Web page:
Chesterton Tribune

 

 

Jewel bids $100M for Strack stores including Chesterton

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By KEVIN NEVERS

The bankrupt Central Grocers Inc. has entered into a stalking-horse agreement with Jewel Foods Stores Inc. to acquire 19 Strack & Van Til stores as “going concerns.”

Central Grocers filed that stalking-horse agreement on Saturday in the U.S. Bankruptcy Court for the District of Delaware.

The deal would be worth $100 million: $70 million for the 19 stores themselves, plus $30 million for their inventory.

Stores included on the list of 19: the Strack & Van Til location at 1600 Pioneer Trail in Chesterton; two other Strack & Van Tils in Valparaiso; the Town & Country in Valparaiso; and the Town & Country in Portage.

According to a statement released today by Central Grocers, “The 19 stores will be sold as going concerns. Jewel-Osco has agreed to interview and extend offers of employment to substantially all of the employees of the stores that are part of the transaction.”

Also, according to Saturday’s filing, Jewel-Osco has agreed to “negotiate in good faith with the affected unions representing covered employees to achieve collective bargaining agreements and other labor agreements that are acceptable to (Jewel-Osco) and consistent with the terms of its current agreements with the affected unions.”

Stalking-horse agreements are used by debtor companies to establish a minimum acceptable bid at auction. In exchange for the stalking horse’s entering into such an agreement, a debtor company undertakes to offer the stalking horse certain protections. Specifically, under its agreement with Jewel-Osco, Central Grocers will do the following if another party out-bids Jewel-Osco in an auction scheduled for June 26:

* Pay Jewel-Osco a “break-up fee” equal to 3 percent of the purchase price of the stalking-horse package.

* Reimburse Jewel-Osco up to $500,000 for “reasonable and documented costs and expenses incurred” in connection with the agreement.

Central Grocers noted in Saturday’s filling that, in December, it contracted with Peter J. Solomon Company (PJSC) LLC to implement a “comprehensive marketing process” to sell the company. As part of that process, PJSC contacted 42 entities, including 16 potential strategic buyers and 26 financial buyers, from who it subsequently received 20 responses. To those 20 PJSC submitted confidential information regarding Central Grocers’ business. Six of those 20--including Jewel-Osco--ulimately “expressed serious interest in consummating a transaction.”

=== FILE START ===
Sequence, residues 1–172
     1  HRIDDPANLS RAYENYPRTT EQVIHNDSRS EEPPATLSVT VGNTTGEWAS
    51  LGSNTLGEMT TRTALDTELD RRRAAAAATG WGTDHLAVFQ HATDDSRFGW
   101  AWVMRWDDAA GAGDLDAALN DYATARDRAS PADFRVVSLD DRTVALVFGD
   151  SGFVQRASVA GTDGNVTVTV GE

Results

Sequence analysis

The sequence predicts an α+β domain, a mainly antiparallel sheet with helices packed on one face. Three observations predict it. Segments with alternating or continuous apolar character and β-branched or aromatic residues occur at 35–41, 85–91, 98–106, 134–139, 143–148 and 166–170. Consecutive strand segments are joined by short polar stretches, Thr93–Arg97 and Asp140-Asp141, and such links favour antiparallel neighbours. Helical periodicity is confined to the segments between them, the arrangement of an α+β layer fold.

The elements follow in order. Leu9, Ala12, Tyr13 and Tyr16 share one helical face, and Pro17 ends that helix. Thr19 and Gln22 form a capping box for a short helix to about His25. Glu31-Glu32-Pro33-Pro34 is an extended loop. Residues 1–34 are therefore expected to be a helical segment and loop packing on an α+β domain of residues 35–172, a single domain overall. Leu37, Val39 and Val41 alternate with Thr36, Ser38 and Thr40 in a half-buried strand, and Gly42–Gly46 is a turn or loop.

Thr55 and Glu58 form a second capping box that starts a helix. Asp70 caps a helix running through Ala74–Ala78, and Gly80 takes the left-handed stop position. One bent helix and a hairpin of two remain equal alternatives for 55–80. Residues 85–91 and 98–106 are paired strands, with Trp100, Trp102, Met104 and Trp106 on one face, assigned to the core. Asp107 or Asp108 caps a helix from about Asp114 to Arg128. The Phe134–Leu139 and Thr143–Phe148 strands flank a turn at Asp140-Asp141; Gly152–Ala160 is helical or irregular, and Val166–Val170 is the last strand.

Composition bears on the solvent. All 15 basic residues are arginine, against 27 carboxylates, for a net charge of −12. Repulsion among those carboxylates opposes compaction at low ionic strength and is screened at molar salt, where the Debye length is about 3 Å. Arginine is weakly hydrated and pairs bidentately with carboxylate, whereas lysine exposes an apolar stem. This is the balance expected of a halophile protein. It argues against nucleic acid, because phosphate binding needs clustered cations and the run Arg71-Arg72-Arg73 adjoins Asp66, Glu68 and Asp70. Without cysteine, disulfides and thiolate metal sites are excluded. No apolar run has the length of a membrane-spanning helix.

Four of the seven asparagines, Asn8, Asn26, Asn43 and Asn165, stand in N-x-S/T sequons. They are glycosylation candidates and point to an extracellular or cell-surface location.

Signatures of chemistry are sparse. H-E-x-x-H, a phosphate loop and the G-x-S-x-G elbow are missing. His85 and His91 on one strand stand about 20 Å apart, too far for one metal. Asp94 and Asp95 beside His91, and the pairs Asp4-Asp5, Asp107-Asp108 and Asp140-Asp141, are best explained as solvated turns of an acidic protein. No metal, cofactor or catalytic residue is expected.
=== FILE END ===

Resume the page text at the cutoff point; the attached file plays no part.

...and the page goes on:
“In reaching the decision to process with the stalking-horse bid,” Central Grocers said, “the company determined that, of all the bids received by the company before it became necessary to execute a binding asset purchase agreement, (Jewel-Osco’s) stalking-horse bid offered a combination of the best value for the stalking-horse package and the greatest level of deal certainty.”

Not included in the stalking-horse agreement: Central Grocers’ distribution center in Joliet, Ill.

Meanwhile, Central Grocers indicated in its Saturday filing that, in a separate motion, it’s seeking approval of debtor-in-possession financing which, along with cash collateral, “will provide them with sufficient runway to consummate value-maximizing sale transactions.”

Nevertheless, Central Grocers added, “it cannot be over-emphasized that time is of the essence,” and that a “timely sale” of its assets is “the best way to avoid a fire-sale liquidation,” which it characterized as “worst-case scenario for all of the debtor’s economic stakeholders, including for thousands of employees who likely would lose their jobs as a result.”

Strack & Van Til is the largest employer in Northwest Indiana, with a workforce of 4,250 and a monthly gross payroll of $8 million. It has total assets (book value) of $183 million and total liabilities of $141 million, with annualized sales in 2016 of $905 million, or about 51 percent of Central Grocers’ sales volume last year.

Last week, in its initial Chapter 11 petition, Central Grocers attributed its dire financial straits to a combination of factors, including online competition and “innovative companies focusing exclusively on food delivery”; consumers’ changing tastes and demand for a “gourmet” shopping experience; and plummeting food prices which have prompted grocery retailers to engage in “aggressive price wars.”

 

 

 

 

 

Posted 5/15/2017

 
 
 
 

 

 

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